When you were a kid, your mother may have admonished you when you wanted to do something everyone else was doing by saying: "Just because someone else does something, doesn't mean you should."
Well, I hate to disagree with mom, but project teams worldwide are adopting hardware emulation on the recommendation and success of others. If your team isn't one of them, you may want to ignore your mom's advice and read through the top 10 reasons why it's fast becoming the verification tool of choice.
Hardware emulation's speed of execution can't be beaten: Emulation's speed of execution can be up to six orders of magnitude faster than that of a traditional hardware description language (HDL) software simulator, dramatically shortening the design debug process and allowing for verification of near real-life scenarios.
Hardware emulation can't be defeated by design capacity: No matter what the size of the design under test (DUT), hardware emulation can handle it, even if it reaches into the billions of ASIC gates.
Hardware emulation is the only game in town for hardware/software integration: This may be the main reason for hardware emulation's popularity. Its use is growing exponentially because of increasingly complex designs and more embedded software in systems on chip (SoC) devices.
Hardware emulation can find all design bugs: Hardware emulation is the best bug hunter around, able to chase down bugs in an SoC's hardware and in the embedded software, regardless of design size, type, or structure.
Hardware emulation reduces or even eliminates respins: With the escalating cost of designing chips at very low technology nodes, such as 28nm or lower, hardware emulation isn't as big an expense as the cost of a new set of masks.
Hardware emulation applies to all chip projects: All semiconductor market segments can benefit from hardware emulation as long as there is a digital representation of the design.
Hardware emulation is a shared resource: Emulation platforms can be accessed remotely in transaction-based emulation mode or in standalone emulation mode, thereby making them ideal for design datacenters serving multiple teams, 24/7, anywhere in the world.
Hardware emulation is replacing FPGA prototyping tools: Once a design reaches a certain size -- say 100-million gates or larger -- it is emulation or nothing else. Unlike FPGA-based prototyping systems, hardware emulation offers full design visibility without compilation and supports multiple design iterations per day.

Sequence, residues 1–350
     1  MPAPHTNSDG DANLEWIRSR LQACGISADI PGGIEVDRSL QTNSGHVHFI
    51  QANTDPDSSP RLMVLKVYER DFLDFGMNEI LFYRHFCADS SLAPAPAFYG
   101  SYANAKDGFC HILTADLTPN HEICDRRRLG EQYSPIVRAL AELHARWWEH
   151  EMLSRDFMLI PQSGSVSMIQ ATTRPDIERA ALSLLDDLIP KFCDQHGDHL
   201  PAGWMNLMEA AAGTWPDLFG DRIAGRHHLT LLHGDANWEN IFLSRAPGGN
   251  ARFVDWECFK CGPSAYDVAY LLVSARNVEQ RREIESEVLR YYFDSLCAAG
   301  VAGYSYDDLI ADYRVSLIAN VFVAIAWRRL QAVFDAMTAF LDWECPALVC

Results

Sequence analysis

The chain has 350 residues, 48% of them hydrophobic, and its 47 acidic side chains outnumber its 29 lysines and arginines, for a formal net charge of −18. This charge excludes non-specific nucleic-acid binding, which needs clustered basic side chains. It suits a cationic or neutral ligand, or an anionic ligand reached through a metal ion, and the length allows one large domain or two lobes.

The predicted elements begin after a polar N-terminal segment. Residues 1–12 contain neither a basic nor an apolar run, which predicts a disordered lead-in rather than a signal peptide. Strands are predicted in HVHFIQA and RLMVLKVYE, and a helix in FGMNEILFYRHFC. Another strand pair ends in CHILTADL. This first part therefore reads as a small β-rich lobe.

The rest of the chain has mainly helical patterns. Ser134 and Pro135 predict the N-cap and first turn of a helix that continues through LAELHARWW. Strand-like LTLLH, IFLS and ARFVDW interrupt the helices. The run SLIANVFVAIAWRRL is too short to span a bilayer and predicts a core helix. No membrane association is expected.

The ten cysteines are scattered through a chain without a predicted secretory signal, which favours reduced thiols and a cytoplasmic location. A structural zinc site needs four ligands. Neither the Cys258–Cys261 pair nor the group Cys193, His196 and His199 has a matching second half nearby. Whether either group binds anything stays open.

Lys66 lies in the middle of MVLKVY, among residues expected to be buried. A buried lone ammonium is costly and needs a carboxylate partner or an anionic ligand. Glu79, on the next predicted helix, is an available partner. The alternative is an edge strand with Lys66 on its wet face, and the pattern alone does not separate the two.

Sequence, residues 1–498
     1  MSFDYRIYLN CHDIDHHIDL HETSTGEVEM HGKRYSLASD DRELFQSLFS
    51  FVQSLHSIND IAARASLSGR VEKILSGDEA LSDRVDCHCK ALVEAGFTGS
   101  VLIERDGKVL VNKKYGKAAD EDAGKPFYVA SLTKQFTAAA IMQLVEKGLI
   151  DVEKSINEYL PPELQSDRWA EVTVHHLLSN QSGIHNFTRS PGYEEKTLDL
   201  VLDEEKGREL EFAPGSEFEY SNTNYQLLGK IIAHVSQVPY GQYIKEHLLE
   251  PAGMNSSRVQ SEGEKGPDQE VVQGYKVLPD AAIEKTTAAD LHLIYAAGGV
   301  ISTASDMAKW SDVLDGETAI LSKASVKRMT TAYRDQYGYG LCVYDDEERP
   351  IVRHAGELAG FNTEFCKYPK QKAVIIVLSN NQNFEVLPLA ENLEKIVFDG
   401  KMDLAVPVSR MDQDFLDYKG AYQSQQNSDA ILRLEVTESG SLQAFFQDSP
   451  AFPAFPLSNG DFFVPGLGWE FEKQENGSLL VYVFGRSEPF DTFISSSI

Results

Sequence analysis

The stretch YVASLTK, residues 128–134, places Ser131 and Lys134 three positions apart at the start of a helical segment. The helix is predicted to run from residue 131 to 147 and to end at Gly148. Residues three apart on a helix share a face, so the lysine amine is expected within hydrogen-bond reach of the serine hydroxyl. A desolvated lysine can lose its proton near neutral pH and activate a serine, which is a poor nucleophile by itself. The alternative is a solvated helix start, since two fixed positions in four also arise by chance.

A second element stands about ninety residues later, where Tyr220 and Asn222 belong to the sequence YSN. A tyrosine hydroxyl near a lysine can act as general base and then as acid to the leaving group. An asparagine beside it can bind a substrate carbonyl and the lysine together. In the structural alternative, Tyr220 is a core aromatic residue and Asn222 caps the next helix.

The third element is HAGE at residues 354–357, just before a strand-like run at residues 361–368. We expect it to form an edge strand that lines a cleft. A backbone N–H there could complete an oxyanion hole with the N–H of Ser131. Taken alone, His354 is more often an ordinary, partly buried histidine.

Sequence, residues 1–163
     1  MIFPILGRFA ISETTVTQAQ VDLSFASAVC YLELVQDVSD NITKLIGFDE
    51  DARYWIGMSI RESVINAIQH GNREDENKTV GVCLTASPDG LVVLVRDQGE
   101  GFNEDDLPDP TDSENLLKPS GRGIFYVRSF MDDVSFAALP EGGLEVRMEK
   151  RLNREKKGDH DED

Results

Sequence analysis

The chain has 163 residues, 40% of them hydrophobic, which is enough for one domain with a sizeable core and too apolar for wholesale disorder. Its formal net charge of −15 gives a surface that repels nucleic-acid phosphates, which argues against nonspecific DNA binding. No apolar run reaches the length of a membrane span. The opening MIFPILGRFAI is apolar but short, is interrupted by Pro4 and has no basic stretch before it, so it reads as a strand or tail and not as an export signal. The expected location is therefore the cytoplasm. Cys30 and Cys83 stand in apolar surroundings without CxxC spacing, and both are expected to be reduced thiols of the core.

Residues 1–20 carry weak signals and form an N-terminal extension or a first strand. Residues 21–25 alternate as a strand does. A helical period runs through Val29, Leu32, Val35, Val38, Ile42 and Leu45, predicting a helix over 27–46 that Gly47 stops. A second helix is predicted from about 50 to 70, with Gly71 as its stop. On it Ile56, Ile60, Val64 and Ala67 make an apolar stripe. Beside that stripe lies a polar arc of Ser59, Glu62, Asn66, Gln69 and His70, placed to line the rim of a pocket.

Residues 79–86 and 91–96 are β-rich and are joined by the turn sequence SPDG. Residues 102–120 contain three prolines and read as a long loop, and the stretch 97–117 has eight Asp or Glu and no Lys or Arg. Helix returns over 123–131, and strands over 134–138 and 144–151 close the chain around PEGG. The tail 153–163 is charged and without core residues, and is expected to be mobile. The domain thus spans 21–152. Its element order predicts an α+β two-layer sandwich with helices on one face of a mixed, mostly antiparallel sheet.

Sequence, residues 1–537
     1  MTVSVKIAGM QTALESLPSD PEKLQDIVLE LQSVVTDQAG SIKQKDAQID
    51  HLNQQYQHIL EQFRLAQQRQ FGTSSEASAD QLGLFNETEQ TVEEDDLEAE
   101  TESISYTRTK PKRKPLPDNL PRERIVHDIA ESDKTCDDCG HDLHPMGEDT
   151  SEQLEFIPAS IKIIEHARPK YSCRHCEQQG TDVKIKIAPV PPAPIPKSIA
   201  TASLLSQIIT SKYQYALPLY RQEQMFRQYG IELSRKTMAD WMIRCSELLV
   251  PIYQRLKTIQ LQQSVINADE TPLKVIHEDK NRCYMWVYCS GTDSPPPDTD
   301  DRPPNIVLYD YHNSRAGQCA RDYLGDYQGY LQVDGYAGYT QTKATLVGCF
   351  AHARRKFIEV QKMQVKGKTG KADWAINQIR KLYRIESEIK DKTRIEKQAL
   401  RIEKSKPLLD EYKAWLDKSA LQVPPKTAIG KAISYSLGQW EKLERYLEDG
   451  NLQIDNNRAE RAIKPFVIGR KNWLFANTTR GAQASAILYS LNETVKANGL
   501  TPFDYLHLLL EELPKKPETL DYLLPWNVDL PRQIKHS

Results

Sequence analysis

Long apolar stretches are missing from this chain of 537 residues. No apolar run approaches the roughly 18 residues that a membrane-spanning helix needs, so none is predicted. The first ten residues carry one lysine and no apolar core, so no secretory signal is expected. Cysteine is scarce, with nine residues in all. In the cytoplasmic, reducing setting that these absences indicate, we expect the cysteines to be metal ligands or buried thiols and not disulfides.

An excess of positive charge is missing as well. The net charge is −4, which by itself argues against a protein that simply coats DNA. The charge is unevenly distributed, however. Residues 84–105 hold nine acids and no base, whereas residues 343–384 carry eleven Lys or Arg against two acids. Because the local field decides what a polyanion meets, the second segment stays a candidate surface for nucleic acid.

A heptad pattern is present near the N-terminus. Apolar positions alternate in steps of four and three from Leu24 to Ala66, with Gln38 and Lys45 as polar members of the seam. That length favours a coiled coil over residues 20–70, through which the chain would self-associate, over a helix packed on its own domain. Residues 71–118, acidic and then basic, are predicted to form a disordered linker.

Hardware emulation has never been easier to use: Gone are the days when emulators were hard to use, required a full-time specialist on-site, and came with fire extinguishers because of their tendency to overheat. Furthermore, software support was rather rudimentary and mainly limited to the compilation of the register transfer level (RTL) design into the box. Hardware emulation is now easy to use, flexible, versatile, scalable, multi-user, and multi-purpose.
Hardware emulation accelerates time to market: Combine all the other nine reasons why hardware emulation is a must-have tool, and the result is faster time to market. It is a fact that hardware emulation usage is growing. Project teams are investing in emulation, which has become a mainstream tool.
Mothers are almost always right about almost everything. (Remember the old joke: Rule #1: Mother is always right. Rule 2: If mother is wrong, Rule 1 applies.) They are not right, though, when it comes to hardware emulation. Following the project team crowd is the only way to manage today's SoC design challenges … just don't tell your mother.
Lauro Rizzatti is a verification consultant. He was formerly general manager of EVE-USA and its vice president of marketing before Synopsys' acquisition of EVE. Previously, Lauro held positions in management, product marketing, technical marketing, and engineering. He can be reached at firstname.lastname@example.org.
Great article, Lauro. But I wouldn't discount FPGA prototyping systems just yet. S2C, Inc. makes a prototyping solution built upon the latest generation of Xilinx FPGAs. A single-board system can accomodate up to 80 million gates, with multi-board configurations capable of gate counts over half a billion. It's also faster than emulation, is easier to debug than you think, and costs a fraction of those big emulators. S2C gives the big boys a run for their money - and takes less of yours while doing it.